price elasticity of supply


  • [8] Relatively elastic supply: This is when the Es formula gives a result above one, meaning that when there is a change in price, the percentage change in supply is higher
    than the percentage change in price.

  • Using the above example to show an elastic supply, when there is a 10% increase in price there will be more than a 10% increase in supply.

  • For example, if a product costs $1 and then increases to $1.10 the increase in price is 10% and therefore the change in supply will be less than 10%.

  • Price elasticity of supply, in application, is the percentage change of the quantity supplied resulting from a 1% change in price.

  • For example, there may be an infinite supply of product at a price of $1 but if that price changes to $1.10 then the supply becomes zero.

  • [8] Relatively inelastic supply: This is when the Es formula gives a result between zero and one, meaning that when there is a change in price, the percentage change in supply
    is lower than the percentage change in price.

  • The greater the extent of spare production capacity, the quicker suppliers can respond to price changes and hence the more price elastic the good/service would be.

  • [1] An elasticity of zero indicates that quantity supplied does not respond to a price change: the good is “fixed” in supply.

  • This can be the case where there is a limited quantity of supply, for example, if there is only 200 of a certain product made and there will never be any more made, there
    will be no increase or decrease in the quantity of supply.

  • Since the price must rise substantially to cover this additional expense, supply becomes less elastic at high levels of output.

  • [1] The existence of spare capacity within a firm, would be indicative of more proportionate response in quantity supplied to changes in price (hence suggesting price elasticity).

  • Thus, the responsiveness of quantity supplied to changes in price is high in this region of the supply curve.

  • Using the previous example to show unit elasticity, when there is a 10% increase in price, there will also be a 10% increase in quantity supplied.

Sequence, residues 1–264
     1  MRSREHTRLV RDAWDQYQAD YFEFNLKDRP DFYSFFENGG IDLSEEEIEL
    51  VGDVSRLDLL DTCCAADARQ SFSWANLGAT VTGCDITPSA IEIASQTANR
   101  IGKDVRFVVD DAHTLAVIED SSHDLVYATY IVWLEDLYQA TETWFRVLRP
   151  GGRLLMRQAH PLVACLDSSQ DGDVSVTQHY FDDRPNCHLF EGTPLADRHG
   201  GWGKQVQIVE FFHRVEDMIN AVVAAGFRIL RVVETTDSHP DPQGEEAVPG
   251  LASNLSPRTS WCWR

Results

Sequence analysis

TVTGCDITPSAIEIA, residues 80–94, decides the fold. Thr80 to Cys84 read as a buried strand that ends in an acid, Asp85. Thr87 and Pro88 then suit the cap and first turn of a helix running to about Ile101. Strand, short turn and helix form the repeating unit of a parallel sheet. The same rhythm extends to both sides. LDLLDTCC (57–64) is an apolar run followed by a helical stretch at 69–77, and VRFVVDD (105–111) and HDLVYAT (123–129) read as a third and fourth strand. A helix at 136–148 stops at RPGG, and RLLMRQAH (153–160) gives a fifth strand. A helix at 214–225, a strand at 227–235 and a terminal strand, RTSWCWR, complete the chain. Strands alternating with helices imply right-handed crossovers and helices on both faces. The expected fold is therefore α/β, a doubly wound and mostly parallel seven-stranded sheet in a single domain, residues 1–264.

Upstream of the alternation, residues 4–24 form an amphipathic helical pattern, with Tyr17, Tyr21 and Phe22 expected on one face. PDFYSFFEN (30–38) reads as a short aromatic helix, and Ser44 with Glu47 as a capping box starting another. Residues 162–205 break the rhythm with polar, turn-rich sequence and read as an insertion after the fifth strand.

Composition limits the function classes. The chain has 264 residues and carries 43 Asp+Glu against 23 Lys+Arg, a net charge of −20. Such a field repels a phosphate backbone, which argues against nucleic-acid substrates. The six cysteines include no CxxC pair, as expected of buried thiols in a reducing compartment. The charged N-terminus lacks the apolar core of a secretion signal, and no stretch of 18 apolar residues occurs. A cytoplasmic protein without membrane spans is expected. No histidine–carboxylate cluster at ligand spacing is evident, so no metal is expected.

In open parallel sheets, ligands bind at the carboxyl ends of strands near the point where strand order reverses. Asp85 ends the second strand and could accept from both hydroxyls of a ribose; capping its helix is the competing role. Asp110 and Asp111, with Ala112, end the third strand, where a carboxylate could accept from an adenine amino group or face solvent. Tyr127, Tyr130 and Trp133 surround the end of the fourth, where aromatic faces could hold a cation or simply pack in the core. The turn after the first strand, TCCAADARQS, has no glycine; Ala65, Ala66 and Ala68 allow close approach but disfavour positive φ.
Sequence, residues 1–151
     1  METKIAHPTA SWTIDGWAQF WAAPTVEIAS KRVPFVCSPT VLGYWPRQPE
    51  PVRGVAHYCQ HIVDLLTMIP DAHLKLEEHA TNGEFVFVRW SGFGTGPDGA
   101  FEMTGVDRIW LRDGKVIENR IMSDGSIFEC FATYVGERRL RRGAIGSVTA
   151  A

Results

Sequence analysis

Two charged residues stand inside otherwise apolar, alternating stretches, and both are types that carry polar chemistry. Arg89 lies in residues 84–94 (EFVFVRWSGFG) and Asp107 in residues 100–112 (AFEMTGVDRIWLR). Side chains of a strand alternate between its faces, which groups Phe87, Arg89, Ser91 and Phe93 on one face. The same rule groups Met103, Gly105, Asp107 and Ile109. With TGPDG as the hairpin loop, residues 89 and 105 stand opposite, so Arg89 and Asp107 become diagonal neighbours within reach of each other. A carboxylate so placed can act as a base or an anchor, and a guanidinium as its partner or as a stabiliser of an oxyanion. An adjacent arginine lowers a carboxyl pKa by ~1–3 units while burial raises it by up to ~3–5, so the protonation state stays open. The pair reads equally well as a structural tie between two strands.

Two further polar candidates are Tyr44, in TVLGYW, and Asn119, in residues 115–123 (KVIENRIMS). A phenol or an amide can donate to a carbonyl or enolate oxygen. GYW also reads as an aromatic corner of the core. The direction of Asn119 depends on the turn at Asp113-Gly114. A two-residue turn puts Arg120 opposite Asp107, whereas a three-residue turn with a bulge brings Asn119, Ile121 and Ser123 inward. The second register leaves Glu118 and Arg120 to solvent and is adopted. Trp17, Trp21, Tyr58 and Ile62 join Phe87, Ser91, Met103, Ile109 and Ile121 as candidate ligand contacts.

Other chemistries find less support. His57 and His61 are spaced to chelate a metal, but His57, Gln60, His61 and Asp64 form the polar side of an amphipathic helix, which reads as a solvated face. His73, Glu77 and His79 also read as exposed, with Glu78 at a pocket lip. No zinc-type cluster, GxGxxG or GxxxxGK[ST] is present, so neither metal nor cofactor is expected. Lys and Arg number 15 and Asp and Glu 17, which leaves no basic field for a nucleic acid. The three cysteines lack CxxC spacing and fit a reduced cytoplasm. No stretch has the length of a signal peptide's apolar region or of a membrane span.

• [7] Curves which cut through the positive part of the quantity axis and have positive quantity supplied (Q = a) even if the price is zero have a > 0 and hence always have
    inelastic supply.

  • Definition & Real-Life Example The slope of a supply curve relates changes in price to changes in quantity supplied.

  • Mobility of factors If the factors of production are easily available and if a producer producing one good can switch their resources and put it towards the creation of a
    product in demand, then it can be said that the PES is relatively elastic.

  • Linear supply curves which cut through the positive part of the price axis and have zero quantity supplied if the price is too low (P
    < -a/b) have a < 0 and hence they always have elastic supply.

  • These five types help to show how different products supply quantity changes when faced with changed in price.

  • [8] Short-run and long-run Since firms typically have a limited capacity for production, the elasticity of supply tends to be high at low levels of quantity supplied and low
    at high levels of quantity supplied.

  • The price elasticity of supply (PES or Es) is a measure used in economics to show the responsiveness, or elasticity, of the quantity supplied of a good or service to a change
    in its price.

  • Spare or excess production capacity A producer who has unused capacity can (and will) quickly respond to price changes in his market assuming that variable factors are readily

  • At low levels of quantity supplied, firms typically have substantial capacity available for use, so small increases in price make it profitable for firms to begin to use this
    idle capacity.


Works Cited

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o ^ Jump up to:a b Goolsbee, Austan; Levitt,
Steven; Syverson, Chad (2020). Microeconomics (3rd ed.). New York, NY: Worth Publishers. pp. 797d–797k. ISBN 9781319306793.
o ^ “5.3 Price Elasticity of Supply”. 2016-06-17.
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Jump up to:a b c d Png (1999), p.110
o ^ Jump up to:a b Suits, Daniel B. in Adams (1990), p. 19, 23. Based on 1966 USDA estimates of cotton production costs among US growers.
o ^ Barnett and Crandall in Duetsch (1993), p.152
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